- Create a system that allows me to zoom in/out and pan around the map (with the right touch gestures)
- Create a system that detects when you clicked a hexagon, and if so, places a "tower" on top of it. (They are called towers in the game idea, but when I made the game they just looked like white cubes of course.)
- Create a system that randomly generates terrain and places "collectibles" across it.
- Create a system that collects these collectibles if you place the towers correctly. (In other words: you were able to solve the puzzle by following the rules.)
That's a lot of things. I am not an amazing or lightning fast programmer – in fact, I am quite slow in most areas – yet was able to create a working game on that Sunday.
Corona was made for rapid prototyping, and it shows.
Because of this, I am confident that I can finish this game while I'm studying, instead of having to wait a few months until I'm done. It just helps to have a strong basis/proof of concept ready within a day.
(That game is the next project I intend on finishing. So if all goes well, you'll soon see exactly what I'm talking about.)
Horror story #2
This will be a mini story. The next one is a much longer horror story.
My review was almost done … when I implemented particles for the first time.
What a mess.
It took me a while to find a "particle playground" online that exported the right format for Corona, and even then, the results weren't necessarily as expected.
After a lot of experimentation, I figured out what most of the parameters did and how you could use that to, for example, create an explosion effect.
But … suddenly no particles showed up! It was like they were invisible or drawn off-screen.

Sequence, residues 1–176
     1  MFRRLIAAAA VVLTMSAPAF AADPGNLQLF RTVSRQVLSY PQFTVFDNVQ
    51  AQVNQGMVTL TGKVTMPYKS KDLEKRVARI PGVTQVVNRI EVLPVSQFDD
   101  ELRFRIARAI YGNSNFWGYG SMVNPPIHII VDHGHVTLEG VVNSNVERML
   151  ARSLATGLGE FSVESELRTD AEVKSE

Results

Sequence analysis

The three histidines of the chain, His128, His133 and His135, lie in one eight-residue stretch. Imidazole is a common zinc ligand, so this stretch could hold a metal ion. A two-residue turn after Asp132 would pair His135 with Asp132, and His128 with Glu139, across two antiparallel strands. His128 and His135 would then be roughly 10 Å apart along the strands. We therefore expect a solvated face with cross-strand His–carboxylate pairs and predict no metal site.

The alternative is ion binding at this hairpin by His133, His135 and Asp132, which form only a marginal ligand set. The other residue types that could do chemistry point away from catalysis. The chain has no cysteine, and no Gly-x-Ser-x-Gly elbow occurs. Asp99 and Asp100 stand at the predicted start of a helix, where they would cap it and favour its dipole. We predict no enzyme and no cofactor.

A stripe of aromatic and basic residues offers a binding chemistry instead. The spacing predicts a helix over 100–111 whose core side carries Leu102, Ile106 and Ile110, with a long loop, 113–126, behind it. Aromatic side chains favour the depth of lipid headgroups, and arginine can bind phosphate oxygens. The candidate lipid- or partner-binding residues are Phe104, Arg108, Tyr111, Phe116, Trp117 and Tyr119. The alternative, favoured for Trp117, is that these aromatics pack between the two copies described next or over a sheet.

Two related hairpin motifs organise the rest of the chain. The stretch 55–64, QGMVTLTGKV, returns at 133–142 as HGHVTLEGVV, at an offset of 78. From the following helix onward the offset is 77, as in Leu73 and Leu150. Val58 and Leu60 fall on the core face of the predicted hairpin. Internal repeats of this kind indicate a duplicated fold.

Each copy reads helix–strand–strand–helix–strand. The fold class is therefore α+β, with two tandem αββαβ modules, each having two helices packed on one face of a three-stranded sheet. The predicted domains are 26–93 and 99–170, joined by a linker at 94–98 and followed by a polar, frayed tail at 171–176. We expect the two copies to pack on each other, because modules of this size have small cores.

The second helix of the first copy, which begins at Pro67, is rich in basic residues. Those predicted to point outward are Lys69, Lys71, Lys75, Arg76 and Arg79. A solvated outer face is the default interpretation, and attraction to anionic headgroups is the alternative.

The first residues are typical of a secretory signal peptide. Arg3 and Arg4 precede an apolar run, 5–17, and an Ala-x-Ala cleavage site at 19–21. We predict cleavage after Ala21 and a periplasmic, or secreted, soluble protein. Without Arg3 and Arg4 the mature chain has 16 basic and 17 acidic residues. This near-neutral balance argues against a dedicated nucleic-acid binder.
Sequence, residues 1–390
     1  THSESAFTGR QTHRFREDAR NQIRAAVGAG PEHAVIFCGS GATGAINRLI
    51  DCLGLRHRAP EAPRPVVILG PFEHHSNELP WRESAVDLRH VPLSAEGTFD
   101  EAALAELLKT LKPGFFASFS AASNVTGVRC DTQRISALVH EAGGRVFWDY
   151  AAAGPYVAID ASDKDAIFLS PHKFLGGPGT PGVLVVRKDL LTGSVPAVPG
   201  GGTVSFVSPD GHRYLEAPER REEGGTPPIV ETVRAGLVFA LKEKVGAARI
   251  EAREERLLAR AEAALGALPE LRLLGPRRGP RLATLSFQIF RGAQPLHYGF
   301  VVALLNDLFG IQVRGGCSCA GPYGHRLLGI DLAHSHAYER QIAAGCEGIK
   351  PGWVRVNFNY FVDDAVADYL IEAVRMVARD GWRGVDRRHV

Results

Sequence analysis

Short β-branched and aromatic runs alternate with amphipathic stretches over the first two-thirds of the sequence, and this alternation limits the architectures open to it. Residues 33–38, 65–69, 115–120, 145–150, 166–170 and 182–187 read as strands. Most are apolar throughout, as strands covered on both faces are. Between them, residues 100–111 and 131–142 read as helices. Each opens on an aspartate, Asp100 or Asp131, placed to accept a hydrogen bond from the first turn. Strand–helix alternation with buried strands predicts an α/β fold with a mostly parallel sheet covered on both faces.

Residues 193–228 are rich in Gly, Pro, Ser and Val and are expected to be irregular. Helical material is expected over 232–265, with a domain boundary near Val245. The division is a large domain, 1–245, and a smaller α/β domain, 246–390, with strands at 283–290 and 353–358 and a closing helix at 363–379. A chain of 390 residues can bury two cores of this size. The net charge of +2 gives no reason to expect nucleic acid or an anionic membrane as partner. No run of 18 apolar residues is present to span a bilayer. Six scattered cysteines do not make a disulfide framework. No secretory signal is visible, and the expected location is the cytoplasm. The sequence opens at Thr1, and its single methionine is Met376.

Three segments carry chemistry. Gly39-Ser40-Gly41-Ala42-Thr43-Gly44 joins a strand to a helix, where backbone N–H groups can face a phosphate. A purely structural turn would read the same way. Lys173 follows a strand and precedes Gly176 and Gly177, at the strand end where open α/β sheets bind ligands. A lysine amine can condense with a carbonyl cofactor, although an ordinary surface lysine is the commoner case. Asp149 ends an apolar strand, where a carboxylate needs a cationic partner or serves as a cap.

I was dumbfounded. It worked just a second ago? And I did nothing that actually changed the position or alpha value of the particles?
Eventually , I figured out that we needed to set GLSL draw modes for the particles. And that these draw modes were absolutely essential to how something was rendered. And that there were more options than I ever knew.
This could have been explained much better. Or, preferably, abstracted away behind a better system.
When I searched the Q&A forums, I only found one of the developers placing a link to a website explaining GLSL draw modes. That did not help at all. The website was ugly, unclear, and some of the codes didn't match the way Corona implemented it.
Just provide a better explanation within your own docs, man. Or write a better system.
Note : I am used to creating particles using an editor/interface, so I guess this is just the way it works when you don't have that. After a steep learning curve and lots of tweaking, I did finally understand the way Corona does particles.
Horror Story #3
If you're developing mobile games, the most likely way to monetize them is through ads. So that's what I tried.
I was able to integrate the Appodeal plugin very quickly, getting working test ads whenever I checked.
I was happy that ads were working so quickly and easily. That certainly hadn't been the case for my previous game (made with the Godot engine).
Then I tried to publish the game … and everything went wrong.
When you create a mobile game, you need to sign it with a certain certificate, to tell everyone that the game is safe and definitely coming from you ( = the developer).